His answer to this sudden attack was delightful to their mother's ear.
"I am perfectly ready, I assure you, to keep my engagement, and when your sister
is recovered, you shall if you please, name the very day of the ball. But you would
not wish to be dancing while she is ill."
Lydia declared herself satisfied. "Oh! yes -- it would be much better to wait
till Jane was well, and by that time most likely Captain Carter would be at Meryton
again. And when you have given your ball," she added, "I shall insist on their
giving one also. I shall tell Colonel Forster it will be quite a shame if he does
Mrs. Bennet and her daughters then departed, and Elizabeth returned instantly
to Jane, leaving her own and her relations' behaviour to the remarks of the two
ladies and Mr. Darcy; the latter of whom, however, could not be prevailed on to
join in their censure of her, in spite of all Miss Bingley's witticisms on fine
<CHAPTER X (10)>
THE day passed much as the day before had done. Mrs. Hurst and Miss Bingley had
spent some hours of the morning with the invalid, who continued, though slowly,
to mend; and in the evening Elizabeth joined their party in the drawing room. The
loo table, however, did not appear. Mr. Darcy was writing, and Miss Bingley, seated
near him, was watching the progress of his letter, and repeatedly calling off his
attention by messages to his sister. Mr. Hurst and Mr. Bingley were at piquet, and
Hurst was observing their game.
Elizabeth took up some needlework, and was sufficiently amused in attending to
what passed between Darcy and his companion. The perpetual commendations of the
lady either on his hand-writing, or on the evenness of his lines, or on the length
of his letter, with the perfect unconcern with which her praises were received,
formed a curious dialogue, and was exactly in unison with her opinion of each.
"How delighted Miss Darcy will be to receive such a letter!"
He made no answer.
"You write uncommonly fast."
"You are mistaken. I write rather slowly."
"How many letters you must have occasion to write in the course of the year!
Letters of business too! How odious I should think them!"
"It is fortunate, then, that they fall to my lot instead of to yours."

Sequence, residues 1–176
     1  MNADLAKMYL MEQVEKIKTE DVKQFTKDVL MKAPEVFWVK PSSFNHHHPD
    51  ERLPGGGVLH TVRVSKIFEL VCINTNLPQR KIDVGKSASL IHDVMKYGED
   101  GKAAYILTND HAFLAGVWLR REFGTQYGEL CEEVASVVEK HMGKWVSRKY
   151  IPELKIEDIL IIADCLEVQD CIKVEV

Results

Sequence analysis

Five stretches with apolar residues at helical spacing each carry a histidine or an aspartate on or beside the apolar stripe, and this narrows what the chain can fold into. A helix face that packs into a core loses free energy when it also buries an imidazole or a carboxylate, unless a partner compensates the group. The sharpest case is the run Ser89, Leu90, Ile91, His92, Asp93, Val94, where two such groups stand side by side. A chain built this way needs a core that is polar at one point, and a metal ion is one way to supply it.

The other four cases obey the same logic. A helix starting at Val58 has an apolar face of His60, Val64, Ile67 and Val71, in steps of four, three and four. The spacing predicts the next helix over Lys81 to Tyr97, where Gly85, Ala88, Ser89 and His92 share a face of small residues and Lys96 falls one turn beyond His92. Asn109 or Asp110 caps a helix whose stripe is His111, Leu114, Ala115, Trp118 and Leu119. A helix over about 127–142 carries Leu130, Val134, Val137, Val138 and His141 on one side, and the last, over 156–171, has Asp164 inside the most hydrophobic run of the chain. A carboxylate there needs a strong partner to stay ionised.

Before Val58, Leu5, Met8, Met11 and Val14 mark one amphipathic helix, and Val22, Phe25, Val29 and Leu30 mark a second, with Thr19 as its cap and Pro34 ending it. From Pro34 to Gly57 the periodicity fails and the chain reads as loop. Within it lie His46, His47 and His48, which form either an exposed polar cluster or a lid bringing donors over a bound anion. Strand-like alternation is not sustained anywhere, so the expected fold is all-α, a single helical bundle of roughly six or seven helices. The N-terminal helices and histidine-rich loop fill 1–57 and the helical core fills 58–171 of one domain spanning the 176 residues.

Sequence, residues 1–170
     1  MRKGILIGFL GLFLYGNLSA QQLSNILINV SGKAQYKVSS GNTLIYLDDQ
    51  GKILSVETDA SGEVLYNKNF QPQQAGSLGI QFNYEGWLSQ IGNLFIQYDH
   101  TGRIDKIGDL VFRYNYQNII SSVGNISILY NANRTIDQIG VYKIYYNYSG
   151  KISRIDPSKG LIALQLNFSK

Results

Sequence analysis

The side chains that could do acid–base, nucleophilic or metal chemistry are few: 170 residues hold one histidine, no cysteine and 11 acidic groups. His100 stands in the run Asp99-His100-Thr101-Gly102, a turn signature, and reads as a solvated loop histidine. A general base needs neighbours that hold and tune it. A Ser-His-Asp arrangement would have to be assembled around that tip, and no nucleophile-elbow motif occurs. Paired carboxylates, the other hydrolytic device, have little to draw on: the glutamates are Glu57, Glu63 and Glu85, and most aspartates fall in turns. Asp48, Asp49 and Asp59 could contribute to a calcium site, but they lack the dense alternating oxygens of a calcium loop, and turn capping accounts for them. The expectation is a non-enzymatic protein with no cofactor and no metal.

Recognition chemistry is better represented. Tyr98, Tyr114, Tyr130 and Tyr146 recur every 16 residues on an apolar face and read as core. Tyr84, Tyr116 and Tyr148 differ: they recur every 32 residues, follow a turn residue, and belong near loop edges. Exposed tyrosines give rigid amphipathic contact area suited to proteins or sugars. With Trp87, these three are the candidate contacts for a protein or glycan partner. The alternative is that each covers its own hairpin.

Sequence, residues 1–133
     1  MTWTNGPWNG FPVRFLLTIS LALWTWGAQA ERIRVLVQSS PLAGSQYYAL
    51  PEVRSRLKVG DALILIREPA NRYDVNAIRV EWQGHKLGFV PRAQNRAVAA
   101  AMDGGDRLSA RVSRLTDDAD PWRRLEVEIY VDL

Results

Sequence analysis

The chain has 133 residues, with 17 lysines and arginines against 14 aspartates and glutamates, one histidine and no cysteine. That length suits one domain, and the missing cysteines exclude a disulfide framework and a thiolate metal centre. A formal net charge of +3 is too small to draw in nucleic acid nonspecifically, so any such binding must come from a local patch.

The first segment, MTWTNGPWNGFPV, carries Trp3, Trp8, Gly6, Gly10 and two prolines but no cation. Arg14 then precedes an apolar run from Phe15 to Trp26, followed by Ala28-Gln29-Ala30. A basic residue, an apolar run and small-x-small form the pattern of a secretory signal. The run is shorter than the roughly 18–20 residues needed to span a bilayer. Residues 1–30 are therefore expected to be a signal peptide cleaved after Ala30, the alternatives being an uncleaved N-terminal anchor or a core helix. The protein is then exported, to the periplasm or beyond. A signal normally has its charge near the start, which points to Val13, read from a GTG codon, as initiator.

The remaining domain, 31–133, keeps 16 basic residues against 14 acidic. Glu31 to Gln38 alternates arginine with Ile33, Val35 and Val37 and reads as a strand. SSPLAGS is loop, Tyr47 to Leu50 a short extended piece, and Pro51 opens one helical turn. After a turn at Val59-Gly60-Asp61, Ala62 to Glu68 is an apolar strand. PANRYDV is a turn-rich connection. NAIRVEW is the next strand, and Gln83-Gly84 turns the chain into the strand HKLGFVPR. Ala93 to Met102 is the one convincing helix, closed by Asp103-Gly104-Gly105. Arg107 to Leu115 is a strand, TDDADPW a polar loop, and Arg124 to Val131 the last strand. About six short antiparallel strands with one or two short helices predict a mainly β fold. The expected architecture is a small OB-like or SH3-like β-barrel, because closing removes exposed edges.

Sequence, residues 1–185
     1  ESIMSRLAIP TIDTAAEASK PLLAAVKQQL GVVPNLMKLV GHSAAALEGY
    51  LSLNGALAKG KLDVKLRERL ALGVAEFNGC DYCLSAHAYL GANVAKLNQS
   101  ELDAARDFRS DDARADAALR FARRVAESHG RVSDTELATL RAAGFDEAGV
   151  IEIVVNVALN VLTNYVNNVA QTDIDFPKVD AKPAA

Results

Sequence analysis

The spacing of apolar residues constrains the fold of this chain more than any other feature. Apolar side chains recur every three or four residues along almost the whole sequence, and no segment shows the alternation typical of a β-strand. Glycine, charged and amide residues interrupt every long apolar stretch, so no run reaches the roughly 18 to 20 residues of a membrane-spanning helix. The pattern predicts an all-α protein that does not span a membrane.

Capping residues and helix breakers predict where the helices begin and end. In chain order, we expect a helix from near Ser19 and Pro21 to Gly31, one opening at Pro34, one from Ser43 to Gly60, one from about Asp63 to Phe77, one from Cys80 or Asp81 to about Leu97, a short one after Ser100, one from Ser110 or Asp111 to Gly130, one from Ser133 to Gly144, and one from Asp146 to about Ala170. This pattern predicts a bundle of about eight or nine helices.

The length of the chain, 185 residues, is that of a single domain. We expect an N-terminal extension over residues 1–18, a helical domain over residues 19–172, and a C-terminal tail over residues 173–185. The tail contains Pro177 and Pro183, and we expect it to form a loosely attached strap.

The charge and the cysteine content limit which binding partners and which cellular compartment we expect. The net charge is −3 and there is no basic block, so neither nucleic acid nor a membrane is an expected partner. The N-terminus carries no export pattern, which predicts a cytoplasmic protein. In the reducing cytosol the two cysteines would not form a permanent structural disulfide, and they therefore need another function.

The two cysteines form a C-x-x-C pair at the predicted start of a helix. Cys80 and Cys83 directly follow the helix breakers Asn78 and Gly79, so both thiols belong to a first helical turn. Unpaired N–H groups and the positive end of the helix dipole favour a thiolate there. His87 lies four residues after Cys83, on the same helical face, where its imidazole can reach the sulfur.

"Pray tell your sister that I long to see her."
"I have already told her so once, by your desire."
"I am afraid you do not like your pen. Let me mend it for you.
I mend pens remarkably well."
"Thank you -- but I always mend my own."
"How can you contrive to write so even?"
He was silent.
"Tell your sister I am delighted to hear of her improvement on the harp, and
pray let her know that I am quite in raptures with her beautiful little design for
a table, and I think it infinitely superior to Miss Grantley's."
"Will you give me leave to defer your raptures till I write again? -- At present
I have not room to do them justice."
"Oh! it is of no consequence. I shall see her in January.
But do you always write such charming long letters to her, Mr. Darcy?"
"They are generally long; but whether always charming, it is not for me to determine."
"It is a rule with me, that a person who can write a long letter, with ease,
cannot write ill."
"That will not do for a compliment to Darcy, Caroline," cried her brother --
"because he does not write with ease. He studies too much for words of four syllables.
-- Do not you, Darcy?"
"My stile of writing is very different from yours."
"Oh!" cried Miss Bingley, "Charles writes in the most careless way imaginable.
He leaves out half his words, and blots the rest."
"My ideas flow so rapidly that I have not time to express them -- by which means
my letters sometimes convey no ideas at all to my correspondents."
"Your humility, Mr. Bingley," said Elizabeth, "must disarm reproof."
"Nothing is more deceitful," said Darcy, "than the appearance of humility. It
is often only carelessness of opinion, and sometimes an indirect boast."
"And which of the two do you call my little recent piece of modesty?"
"The indirect boast; -- for you are really proud of your defects in writing,
because you consider them as proceeding from a rapidity of thought and carelessness
of execution, which if not estimable, you think at least highly interesting. The
power of doing any thing with quickness is always much prized by the possessor,
and often without any attention to the imperfection of the performance. When you
told Mrs. Bennet this morning that if you ever resolved on quitting Netherfield